Blind mole rats finding their way around their underground tunnels appear to face a tough challenge. They can't use any of the sensory cues that surface-dwellers take for granted: they can't see, and sounds and smells don't carry far through soil. But blind mole rats are actually spectacular navigators and expertly burrow the most efficient detours around obstacles. Tali Kimchi and colleagues at Tel-Aviv University now suggest that mole rats accomplish these astonishing feats using a form of seismic `echolocation'(p. 647).
`Mole rats need to live at a certain depth' says Kimchi, `because the roots and tubers that they eat are mainly found 20-40 cm below the surface.'Emerging on the surface is suicide since these blind animals are helpless against predators, while digging too deep costs energy and brings the mole rat out of range of its food supply. So how do mole rats estimate their distance from the surface? Mole rats communicate with one another using seismic signals produced by drumming their heads against their tunnel roofs. Could they be using the reflected vibrations of their own head-drumming to estimate their distance from obstacles and from the surface?
If mole rats use seismic `echolocation', they should head-drum more often during a complex than a simple spatial task. To record mole rat head-drumming,Kimchi dug ditches across mole rat tunnels in a field and placed small seismic earthquake detectors called geophones around the tunnels. She recalls that it was tricky getting recordings; the shy creatures ran away when they felt her approaching their tunnels. As she had expected, mole rats digging detours around her ditches head-drummed more often than mole rats navigating through straight tunnels, so mole rats do drum more often during complex tasks.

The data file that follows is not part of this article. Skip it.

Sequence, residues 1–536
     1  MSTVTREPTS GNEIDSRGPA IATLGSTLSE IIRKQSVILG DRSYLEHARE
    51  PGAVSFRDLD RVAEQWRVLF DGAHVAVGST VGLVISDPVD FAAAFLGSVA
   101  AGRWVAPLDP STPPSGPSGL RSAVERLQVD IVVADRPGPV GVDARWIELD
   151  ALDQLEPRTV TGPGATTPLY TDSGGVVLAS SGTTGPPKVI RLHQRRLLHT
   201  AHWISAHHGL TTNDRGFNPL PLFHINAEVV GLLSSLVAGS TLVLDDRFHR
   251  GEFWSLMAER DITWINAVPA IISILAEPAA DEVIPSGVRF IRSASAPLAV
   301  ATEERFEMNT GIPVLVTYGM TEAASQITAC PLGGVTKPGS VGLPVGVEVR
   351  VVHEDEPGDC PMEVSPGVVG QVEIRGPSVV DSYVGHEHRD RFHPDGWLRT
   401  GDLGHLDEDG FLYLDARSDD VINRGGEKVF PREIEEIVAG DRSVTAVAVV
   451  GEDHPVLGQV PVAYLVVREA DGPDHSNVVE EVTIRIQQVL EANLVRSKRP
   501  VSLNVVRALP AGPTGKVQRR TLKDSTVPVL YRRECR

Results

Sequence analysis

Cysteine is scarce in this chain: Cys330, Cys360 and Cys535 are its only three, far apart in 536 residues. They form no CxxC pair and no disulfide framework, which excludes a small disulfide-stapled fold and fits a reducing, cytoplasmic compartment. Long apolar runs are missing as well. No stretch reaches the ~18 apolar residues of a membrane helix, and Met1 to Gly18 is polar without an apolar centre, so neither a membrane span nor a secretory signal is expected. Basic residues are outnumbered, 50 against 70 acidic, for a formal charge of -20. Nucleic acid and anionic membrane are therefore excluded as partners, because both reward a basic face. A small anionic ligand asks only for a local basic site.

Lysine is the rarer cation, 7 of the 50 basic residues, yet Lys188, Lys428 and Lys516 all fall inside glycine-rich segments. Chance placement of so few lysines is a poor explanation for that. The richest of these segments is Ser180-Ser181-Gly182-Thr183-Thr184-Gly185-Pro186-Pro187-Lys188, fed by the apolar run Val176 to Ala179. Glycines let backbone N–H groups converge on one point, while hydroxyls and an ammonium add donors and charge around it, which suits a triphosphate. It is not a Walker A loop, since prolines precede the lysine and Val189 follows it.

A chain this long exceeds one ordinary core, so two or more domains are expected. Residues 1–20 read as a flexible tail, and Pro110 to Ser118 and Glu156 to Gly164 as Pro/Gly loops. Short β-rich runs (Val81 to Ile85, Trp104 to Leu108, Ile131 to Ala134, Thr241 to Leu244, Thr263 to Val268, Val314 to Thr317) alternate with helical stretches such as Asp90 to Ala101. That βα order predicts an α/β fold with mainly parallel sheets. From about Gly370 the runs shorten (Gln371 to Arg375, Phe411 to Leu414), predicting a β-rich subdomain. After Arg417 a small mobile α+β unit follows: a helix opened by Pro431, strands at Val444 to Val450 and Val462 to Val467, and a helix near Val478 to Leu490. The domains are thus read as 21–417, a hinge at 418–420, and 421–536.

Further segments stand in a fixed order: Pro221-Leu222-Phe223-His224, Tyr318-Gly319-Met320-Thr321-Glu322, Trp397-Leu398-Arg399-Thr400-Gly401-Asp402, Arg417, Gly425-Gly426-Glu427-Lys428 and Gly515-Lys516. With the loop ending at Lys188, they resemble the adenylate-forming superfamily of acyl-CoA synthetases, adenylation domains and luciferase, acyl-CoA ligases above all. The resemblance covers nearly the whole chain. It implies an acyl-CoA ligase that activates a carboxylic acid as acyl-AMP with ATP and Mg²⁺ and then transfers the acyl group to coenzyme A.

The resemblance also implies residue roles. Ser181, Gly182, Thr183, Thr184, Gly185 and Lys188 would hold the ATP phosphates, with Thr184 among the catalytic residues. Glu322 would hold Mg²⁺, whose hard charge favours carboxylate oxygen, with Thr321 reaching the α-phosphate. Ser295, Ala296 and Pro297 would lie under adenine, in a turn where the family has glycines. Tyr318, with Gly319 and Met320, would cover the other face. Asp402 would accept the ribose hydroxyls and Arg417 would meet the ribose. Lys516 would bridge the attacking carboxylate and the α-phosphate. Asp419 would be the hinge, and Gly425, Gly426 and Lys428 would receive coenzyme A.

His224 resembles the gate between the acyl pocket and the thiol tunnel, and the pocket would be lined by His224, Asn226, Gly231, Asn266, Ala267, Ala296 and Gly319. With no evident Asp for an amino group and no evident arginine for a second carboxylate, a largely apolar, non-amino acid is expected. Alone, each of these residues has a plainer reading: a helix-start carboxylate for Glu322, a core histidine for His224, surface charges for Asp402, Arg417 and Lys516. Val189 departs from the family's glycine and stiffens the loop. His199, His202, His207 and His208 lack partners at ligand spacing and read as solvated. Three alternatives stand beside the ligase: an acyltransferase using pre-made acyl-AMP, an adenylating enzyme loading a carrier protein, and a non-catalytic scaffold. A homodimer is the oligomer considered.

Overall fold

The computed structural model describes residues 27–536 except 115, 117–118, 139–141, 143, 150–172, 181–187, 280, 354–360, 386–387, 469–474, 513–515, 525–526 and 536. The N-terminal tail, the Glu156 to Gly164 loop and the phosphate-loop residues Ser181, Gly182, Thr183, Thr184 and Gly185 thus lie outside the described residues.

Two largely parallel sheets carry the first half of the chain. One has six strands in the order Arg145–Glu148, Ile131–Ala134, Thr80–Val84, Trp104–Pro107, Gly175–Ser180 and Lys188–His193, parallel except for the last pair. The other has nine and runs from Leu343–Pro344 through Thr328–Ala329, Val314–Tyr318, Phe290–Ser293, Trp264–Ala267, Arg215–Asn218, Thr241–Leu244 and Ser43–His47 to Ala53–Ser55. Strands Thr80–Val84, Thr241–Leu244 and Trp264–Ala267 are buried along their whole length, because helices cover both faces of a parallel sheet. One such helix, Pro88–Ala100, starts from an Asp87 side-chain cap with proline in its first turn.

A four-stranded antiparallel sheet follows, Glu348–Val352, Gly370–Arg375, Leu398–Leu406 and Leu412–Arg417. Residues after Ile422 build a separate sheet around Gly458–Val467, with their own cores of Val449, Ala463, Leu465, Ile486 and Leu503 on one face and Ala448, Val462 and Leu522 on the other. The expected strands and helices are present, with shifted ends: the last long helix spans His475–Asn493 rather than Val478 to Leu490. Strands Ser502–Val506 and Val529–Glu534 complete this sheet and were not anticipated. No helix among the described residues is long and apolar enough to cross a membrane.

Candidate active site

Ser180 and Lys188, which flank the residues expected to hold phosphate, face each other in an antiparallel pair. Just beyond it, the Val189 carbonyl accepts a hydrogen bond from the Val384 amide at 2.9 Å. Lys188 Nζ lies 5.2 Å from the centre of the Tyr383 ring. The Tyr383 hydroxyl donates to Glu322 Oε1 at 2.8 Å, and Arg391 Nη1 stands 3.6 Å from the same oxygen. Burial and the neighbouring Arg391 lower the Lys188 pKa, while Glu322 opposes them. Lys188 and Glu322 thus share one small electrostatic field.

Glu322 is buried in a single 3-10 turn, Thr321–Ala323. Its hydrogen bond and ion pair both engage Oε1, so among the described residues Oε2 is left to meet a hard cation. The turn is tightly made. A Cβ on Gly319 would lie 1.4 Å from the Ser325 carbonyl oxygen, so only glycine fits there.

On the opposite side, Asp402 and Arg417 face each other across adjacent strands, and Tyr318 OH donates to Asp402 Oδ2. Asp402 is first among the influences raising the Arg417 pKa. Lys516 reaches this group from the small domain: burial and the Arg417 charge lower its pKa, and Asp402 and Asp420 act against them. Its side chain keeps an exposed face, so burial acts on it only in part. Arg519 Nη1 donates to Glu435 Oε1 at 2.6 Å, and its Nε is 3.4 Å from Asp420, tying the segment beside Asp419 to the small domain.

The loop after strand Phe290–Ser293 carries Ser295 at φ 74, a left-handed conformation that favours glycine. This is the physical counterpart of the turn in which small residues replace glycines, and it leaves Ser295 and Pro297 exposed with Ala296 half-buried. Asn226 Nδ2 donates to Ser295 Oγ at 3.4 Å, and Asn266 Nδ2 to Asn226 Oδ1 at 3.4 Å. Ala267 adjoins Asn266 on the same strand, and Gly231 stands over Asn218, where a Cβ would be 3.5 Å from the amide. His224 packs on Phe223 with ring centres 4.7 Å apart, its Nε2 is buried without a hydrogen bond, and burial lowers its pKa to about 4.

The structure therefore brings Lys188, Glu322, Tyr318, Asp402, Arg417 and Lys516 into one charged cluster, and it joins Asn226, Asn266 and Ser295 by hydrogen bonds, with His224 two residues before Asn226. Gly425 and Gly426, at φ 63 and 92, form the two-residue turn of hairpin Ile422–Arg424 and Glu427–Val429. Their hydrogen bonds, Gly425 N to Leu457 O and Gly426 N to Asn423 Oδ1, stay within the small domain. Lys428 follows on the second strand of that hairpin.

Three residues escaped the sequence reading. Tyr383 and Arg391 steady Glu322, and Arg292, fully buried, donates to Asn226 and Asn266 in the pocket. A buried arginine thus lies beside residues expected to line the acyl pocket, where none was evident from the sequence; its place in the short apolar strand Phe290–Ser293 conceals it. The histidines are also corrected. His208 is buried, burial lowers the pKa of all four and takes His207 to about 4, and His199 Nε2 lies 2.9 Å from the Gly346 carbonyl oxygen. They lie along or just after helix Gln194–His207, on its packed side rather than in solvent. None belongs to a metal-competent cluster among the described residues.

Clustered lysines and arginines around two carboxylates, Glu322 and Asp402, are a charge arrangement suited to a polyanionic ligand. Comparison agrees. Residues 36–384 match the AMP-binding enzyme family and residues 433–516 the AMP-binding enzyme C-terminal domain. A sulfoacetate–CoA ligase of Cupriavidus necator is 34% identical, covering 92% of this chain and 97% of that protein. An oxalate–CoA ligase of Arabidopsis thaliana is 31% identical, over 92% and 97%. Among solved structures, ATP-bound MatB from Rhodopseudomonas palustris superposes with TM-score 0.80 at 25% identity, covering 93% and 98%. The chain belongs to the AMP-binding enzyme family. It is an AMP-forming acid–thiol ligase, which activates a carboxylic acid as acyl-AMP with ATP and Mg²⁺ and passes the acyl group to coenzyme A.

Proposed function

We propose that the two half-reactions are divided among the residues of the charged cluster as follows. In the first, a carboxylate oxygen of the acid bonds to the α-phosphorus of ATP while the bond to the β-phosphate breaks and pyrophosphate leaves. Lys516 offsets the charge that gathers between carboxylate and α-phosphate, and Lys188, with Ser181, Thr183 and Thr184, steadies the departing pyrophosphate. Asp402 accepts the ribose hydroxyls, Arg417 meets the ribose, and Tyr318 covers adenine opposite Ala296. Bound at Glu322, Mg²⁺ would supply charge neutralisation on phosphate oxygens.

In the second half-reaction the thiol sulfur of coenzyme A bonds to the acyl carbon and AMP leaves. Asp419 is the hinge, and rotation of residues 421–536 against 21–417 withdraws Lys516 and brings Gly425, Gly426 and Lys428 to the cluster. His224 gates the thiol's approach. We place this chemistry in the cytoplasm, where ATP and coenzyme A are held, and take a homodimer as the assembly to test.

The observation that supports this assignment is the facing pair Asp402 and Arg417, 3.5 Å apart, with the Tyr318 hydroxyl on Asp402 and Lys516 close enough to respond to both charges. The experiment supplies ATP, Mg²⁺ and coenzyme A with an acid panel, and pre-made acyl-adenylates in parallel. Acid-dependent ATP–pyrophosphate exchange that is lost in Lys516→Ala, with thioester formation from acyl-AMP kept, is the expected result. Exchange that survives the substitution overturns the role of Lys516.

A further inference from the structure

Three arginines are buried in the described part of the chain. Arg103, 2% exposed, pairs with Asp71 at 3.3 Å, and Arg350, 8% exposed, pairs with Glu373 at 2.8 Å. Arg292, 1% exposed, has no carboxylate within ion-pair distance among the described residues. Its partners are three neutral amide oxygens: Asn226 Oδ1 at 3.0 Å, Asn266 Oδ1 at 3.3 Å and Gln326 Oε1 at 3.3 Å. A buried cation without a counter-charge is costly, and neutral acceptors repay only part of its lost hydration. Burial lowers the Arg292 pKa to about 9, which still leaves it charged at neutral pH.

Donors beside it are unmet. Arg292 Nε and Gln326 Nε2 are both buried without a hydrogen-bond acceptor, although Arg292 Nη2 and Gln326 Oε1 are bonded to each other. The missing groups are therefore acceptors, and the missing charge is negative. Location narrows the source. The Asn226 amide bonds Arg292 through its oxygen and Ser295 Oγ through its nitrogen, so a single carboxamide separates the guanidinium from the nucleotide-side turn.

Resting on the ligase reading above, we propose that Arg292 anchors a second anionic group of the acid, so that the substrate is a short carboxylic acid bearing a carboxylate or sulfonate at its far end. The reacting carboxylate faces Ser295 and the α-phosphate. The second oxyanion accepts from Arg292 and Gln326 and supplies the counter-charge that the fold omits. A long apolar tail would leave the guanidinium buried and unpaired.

But to demonstrate that head-drumming provides information about the mole rats' surroundings, Kimchi needed to show that seismic waves are reflected in different ways depending on the obstacle. She took her recordings to Moshe Reshef, a geophysicist who produced a computer model that generated pulses exactly like those in Kimchi's recordings. The model showed that the amplitude, polarity and diffraction of reflected seismic waves provide information about the distance, density and size of obstacles. So reflected waves could help mole rats assess obstacles and probably also their digging depth.
But how were the animals detecting these waves? Mole rats pick up head-drumming signals from others by pressing their jawbone against their tunnel wall. They couldn't possibly drum their head and then press their jaw against the tunnel fast enough to detect their own signal reflected from obstacles ahead, so Kimchi wondered if mole rats use their feet to pick up the signal. To test this, she designed a tunnel T-maze in which mole rats could only detect vibrations through their feet. Sure enough, mole rats sped towards a head-drumming mole rat located down one of the maze's arms, suggesting that they could detect vibrations through their feet. Kimchi then showed that mole rats can also detect reflected seismic signals from their own head-drumming;mole rats had no trouble finding a mechanical shaker sending out similar signals to her field recordings. As a final touch, Kimchi found unique mechanoreceptors in the skin of mole rats' paws, which might detect vibrations.
Kimchi admits that while all her results point in the same direction, she does not have concrete proof that mole rats use seismic `echolocation'. She concludes: `Further work is needed to prove the dual function of head-drumming. This is just the tip of the iceberg.'